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Supreme Court Marriage Decision: How Should We Respond?

October 17, 2017

By: Emily Conley



It’s days away: The Supreme Court’s marriage decision is expected to come down on June 29.



While there’s been much speculation about how particular Justices could rule, and a variety of possible scenarios have been discussed at length elsewhere, here are two of the most widely discussed outcomes:

  • The Supreme Court declares that states can affirm marriage as a one man, one woman union. This would mean that the Supreme Court upholds our freedom to affirm marriage as the union of a man and a woman - as it has been understood for millennia. It would also uphold the freedom to democratically address the most pressing social issues of the day through the people’s vote, not court mandate. It would also mean that the Court ruled according to law and precedent, and resisted demands to invent new constitutional rights.
  • The Supreme Court declares that all states must redefine marriage. This decision would mean that the Supreme Court strips us of our freedom to debate and decide marriage policy through the democratic process, overrides the tens of millions of Americans who recently reaffirmed marriage as the union of a man and a woman (31 states have voted to affirm marriage in their constitutions, while only 3 states have voted to redefine marriage), and tosses away the understanding of marriage’s nature and purpose that has been embraced for millennia by diverse cultures and faiths across the globe.

Obviously, the consequences of the two outcomes are vastly different. But how should we respond in either situation? I believe that in either case, our response should actually be the same.

As Ryan Anderson summed up recently, “Some say we should abandon the defense of marriage and retreat to only protecting religious-liberty exemptions ... Others go further and suggest that we should simply disengage with politics entirely, retreat to our own communities, and rebuild a marriage subculture there.”

But I agree with his assessment of what we should actually do:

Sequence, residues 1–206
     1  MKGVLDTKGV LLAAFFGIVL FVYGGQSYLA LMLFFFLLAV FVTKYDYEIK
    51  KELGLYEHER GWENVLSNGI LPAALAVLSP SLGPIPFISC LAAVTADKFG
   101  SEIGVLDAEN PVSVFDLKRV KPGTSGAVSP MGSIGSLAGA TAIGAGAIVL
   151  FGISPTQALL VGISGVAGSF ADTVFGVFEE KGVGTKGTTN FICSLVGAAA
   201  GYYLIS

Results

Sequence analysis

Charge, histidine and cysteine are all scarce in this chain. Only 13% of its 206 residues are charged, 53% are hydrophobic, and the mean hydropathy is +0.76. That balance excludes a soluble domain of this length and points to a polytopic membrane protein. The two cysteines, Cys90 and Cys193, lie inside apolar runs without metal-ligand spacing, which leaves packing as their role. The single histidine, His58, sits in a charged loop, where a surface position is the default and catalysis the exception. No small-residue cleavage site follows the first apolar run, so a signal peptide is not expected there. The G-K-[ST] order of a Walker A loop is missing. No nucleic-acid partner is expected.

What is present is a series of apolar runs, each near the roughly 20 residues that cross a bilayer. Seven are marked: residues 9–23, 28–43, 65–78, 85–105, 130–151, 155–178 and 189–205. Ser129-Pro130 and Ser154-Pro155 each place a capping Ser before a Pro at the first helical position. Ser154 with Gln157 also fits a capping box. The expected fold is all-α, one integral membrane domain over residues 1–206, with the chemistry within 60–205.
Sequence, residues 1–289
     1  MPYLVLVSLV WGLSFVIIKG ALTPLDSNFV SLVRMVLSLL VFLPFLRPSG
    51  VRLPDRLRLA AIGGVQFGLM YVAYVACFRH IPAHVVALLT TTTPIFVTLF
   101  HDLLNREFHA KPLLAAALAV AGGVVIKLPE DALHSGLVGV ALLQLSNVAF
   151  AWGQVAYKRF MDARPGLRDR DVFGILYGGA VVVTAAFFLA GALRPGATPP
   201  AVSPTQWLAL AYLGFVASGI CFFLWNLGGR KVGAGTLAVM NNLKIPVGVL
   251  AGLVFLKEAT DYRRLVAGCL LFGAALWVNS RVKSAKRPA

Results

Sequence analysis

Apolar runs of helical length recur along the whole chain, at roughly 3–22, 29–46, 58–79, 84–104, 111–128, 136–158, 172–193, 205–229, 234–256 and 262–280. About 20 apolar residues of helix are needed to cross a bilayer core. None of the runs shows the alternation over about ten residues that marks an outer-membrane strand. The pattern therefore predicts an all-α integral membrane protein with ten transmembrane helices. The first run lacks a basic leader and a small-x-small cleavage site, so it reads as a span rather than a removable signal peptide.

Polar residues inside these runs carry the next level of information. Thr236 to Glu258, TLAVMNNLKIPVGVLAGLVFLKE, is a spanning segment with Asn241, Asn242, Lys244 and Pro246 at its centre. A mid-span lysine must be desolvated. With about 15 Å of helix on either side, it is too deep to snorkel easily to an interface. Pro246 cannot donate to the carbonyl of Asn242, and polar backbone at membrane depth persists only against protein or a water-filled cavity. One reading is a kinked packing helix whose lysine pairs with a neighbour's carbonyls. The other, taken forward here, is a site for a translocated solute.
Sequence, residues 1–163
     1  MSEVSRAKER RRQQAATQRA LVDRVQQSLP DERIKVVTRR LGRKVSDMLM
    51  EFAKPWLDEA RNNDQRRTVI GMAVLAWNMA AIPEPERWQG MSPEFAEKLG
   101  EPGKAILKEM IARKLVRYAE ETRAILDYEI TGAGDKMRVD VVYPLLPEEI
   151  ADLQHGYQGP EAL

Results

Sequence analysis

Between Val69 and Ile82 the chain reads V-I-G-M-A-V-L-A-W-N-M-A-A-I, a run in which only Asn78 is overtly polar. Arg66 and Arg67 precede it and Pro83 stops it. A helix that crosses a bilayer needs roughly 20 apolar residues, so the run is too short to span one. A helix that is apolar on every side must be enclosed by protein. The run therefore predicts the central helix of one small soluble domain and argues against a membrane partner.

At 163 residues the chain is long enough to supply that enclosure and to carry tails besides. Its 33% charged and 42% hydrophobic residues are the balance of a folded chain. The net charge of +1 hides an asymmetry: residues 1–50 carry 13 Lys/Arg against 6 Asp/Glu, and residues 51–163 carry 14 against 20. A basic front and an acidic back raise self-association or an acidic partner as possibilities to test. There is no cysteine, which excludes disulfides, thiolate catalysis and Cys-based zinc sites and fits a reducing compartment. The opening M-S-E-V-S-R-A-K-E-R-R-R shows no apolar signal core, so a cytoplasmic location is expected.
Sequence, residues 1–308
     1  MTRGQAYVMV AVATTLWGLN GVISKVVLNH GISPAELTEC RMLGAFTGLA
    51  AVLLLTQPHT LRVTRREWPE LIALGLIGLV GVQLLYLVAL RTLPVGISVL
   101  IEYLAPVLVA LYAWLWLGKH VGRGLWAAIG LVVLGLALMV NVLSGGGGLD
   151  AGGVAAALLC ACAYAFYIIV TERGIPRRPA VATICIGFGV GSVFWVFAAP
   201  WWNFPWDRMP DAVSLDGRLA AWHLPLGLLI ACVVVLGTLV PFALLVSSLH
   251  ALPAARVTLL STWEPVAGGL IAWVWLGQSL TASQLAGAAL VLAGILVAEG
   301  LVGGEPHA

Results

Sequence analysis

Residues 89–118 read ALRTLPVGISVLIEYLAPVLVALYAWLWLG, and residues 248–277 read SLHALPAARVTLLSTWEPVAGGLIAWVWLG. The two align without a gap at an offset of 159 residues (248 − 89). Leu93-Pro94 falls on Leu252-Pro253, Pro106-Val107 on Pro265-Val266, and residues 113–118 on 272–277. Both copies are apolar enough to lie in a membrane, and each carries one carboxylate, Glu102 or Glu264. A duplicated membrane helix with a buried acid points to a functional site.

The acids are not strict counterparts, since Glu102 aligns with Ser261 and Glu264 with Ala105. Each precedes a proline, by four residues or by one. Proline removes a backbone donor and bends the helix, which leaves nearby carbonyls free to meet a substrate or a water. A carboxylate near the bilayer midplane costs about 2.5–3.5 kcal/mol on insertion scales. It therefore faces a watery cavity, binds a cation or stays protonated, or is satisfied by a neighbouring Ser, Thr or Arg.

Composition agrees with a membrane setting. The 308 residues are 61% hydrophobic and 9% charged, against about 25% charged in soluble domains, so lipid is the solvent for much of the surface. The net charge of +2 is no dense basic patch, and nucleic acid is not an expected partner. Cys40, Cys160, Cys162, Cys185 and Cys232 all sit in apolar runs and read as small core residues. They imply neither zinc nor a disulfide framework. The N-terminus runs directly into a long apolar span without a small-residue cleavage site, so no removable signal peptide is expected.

“We must continue to witness to the truth about marriage, find new ways to make the reasoned case about what marriage is, and work to protect our freedoms to do so for the next generation. All of this must be done in service of the long-term goal of restoring a culture of marriage.”

1. Live Out The Truth about Marriage

Win or lose at the Supreme Court, there’s no doubt that many in our society don’t understand the truth about marriage; if they did, we wouldn’t be where we are today. Divorce, adultery, and cohabitation have done significant damage to the institution of marriage over the past several decades, and as Christians, too often we sweep those issues under the rug.

The truth of marriage put simply is this: marriage is creative, diverse, and beautiful. Marriage is a lifelong union between husband and wife. Humanity has always been, and will always be, composed of men and women. That can’t change, and that’s why the timeless institution of marriage can’t be changed by a court. Marriage celebrates humanity’s diversity, not only because of the complementary of the sexes in marriage, but because throughout history and across cultures, different races and ethnicities have always married.

2. Make a Reasoned Case for Marriage

In most cases, as Ryan points out, the argument for marriage hasn’t been heard and rejected – it hasn’t been heard. Sentiments like those of Fred Phelps’ signs have drowned out or mischaracterized the reasonable belief that marriage between a man and a woman is a unique relationship with a purpose. Chanting “Adam and Eve, not Steve!” does nothing to represent the truth that marriage is the union of a man and a woman or  that children benefit emotionally and psychologically  by being raised by both their mother and their father, and the real effects of same-sex marriage on children.

Win or lose at the Supreme Court, we need to continue making rational arguments for the good of marriage.

3. Protect Our Freedoms for the Next Generation

As we mentioned in the story of Barronelle Stutzman and Jack Phillips, same-sex marriage affects more than the two people getting married. Those who live out their belief in natural marriage are already facing punishment by the government.

Regardless of how the Supreme Court rules, we will have to do more to protect the freedoms of non-profits, churches, school children, and individuals.

Take Action:

Win or lose at the Supreme Court, ADF is committed to defending marriage and the people who are brave enough to take a stand for what is right, but we can’t do it alone.

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